Boat ride in a wooden pirogue boat

One of our favourite things we did in Rwanda was taking the boat at sunset on Lake Kivu. Inzu Lodge offers a boat ride in a traditional paddling pirogue boat.

We got picked up by a local captain who walked us down from Inzu Lodge to a public beach behind the Palm Beach Resort. The captain and an oarsman took us away from the shore towards the blue waters of Lake Kivu and its little rocky islands. The sun was setting down and making the sky glare up in orange and turquoise colours, whilst the fishermen were slowly swimming out from the dock to throw their big nets in hope of a catch.

The singing in the distance was becoming louder and louder as the three-haul-boats neared us. The captains of the fishing boats seemed to direct not only the boats, but also the rhythm and tone of singing. The crew would soundly repeat the captain’s verse whilst throwing their paddles into the deep water and pulling them quickly back.

In a few minutes we found ourselves nearing the small rocky island. Once we stood on it, we looked away from the shore. With the sun setting on the horizon we felt as if we stood in the middle of the big ocean, which was littered with wooden boats all around us and with Rwandese songs being brought to us by wind from all the sides. Now you know, why it was one of our favourite things we did in Rwanda!

1 hour boat ride
(1-3 persons, including life jackets)

10,000 RWF without captain
12,000 RWF with captain


Dinner with a Rwandan Family

We’re usually pretty apprehensive about going on tours to people’s houses - this is something we don’t find genuine and we’ve had experiences which felt as if the family was doing it purely for the money and couldn’t wait for us to go away. On the opposite, when invited to a house as a guest by a genuinely welcoming local family, we would have a great time and nothing would feel forced.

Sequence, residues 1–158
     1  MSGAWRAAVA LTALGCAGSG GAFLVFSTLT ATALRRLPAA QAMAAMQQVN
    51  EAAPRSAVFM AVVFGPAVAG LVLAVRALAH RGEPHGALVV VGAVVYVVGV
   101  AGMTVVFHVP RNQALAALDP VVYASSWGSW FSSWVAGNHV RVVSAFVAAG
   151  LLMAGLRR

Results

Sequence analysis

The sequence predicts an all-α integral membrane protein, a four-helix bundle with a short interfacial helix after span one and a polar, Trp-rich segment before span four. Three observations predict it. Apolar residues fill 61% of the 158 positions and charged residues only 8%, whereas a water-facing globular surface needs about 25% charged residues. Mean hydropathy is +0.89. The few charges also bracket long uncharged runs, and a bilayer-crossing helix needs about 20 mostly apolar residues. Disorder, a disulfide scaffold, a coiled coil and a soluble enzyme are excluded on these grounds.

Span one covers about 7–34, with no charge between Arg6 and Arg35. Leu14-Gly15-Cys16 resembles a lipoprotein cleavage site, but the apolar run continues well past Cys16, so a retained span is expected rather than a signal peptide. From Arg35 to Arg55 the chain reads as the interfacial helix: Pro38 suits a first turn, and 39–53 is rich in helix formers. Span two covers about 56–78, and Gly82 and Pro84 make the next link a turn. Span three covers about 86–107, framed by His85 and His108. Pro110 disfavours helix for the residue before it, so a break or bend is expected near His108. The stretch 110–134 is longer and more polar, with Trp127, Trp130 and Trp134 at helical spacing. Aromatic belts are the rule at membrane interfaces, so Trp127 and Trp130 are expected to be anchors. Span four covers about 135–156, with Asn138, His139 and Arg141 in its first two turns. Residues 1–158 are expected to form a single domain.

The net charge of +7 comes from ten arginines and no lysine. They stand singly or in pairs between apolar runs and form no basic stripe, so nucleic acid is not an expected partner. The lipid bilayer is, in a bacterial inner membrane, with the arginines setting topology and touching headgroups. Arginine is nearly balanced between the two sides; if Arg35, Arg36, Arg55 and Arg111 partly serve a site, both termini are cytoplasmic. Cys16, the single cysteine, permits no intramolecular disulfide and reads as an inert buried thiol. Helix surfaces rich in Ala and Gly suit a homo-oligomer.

So, at the beginning of our travels, we promised to ourselves that we’ll never be going on tours that include visiting a local person’s house or a village as an attraction - it’s their sacred space and definitely not a tourist attraction!

When we got to Gisenyi, the Inzu Lodge team told us about things to do in the area. We didn’t even take into consideration having a dinner with local family. However, after chatting to Marie, Inzu Lodge’s owner, we decided to give it a try.

Before we tell you what it was like, you should just know that it really was a wonderful experience!

Together with a staff member of Inzu Lodge, a friend of the family we were going to visit, we made our way up the vertical hill overlooking Lake Kivu. Cristina, a young lady, living in a house situated a sheer metre away from a big drop, welcomed us with her contagious smile. She, and her little baby Emmanuel, were both very interested in us and the way we live - we had a chance to answer any questions she had and she was happy to tell us more about her way of life. 

Soon after we got to cooking. Earlier that day she got the produce from a local market and we got our hands on to peeling the potatoes, chopping the onion and getting rid of the tomatoes’ skin.

We were sitting outside and the little cookers filled with burning coals were ready to heat up big pots of water. We chatted and cooked, whilst baby Emmanuel crawled around us, interested in all we did. We just made it before the rain - once the food was ready, we hid inside and enjoyed our hot dinner. Soon after we heard the kids voices making their way up the hill - her two boys, who just came back from school, were so thrilled to meet us. They couldn't stop screaming ‘Good morning! How are you?!’ towards us and shaking our hands with enthusiasm. 

If you want to cook your dinner with Cristina, you can chat to Inzu Lodge and they will organise it for you anytime in the afternoon.

1 person 6,000 RWF
2 people 10,000 RWF 


Gisenyi Public Beach

Gisenyi Public Beach is not exceptionally stunning but when the weather is nice, it may be nice to chill out on the sand. Swimming is allowed, however there are different opinions about Bilharzia.

Bilharzia is a bacteria that supposedly gets into your body if you swim in Lake Kivu - it’s not dangerous but it is advised to buy anti-Bilharzia pills in a local pharmacy and take them as advised on the packet. Some people told us there is no Bilharzia in Lake Kivu, and others that you can only get it if you enter the lake from the shore but not if you jump into the water, since the bacteria lives only near the shore.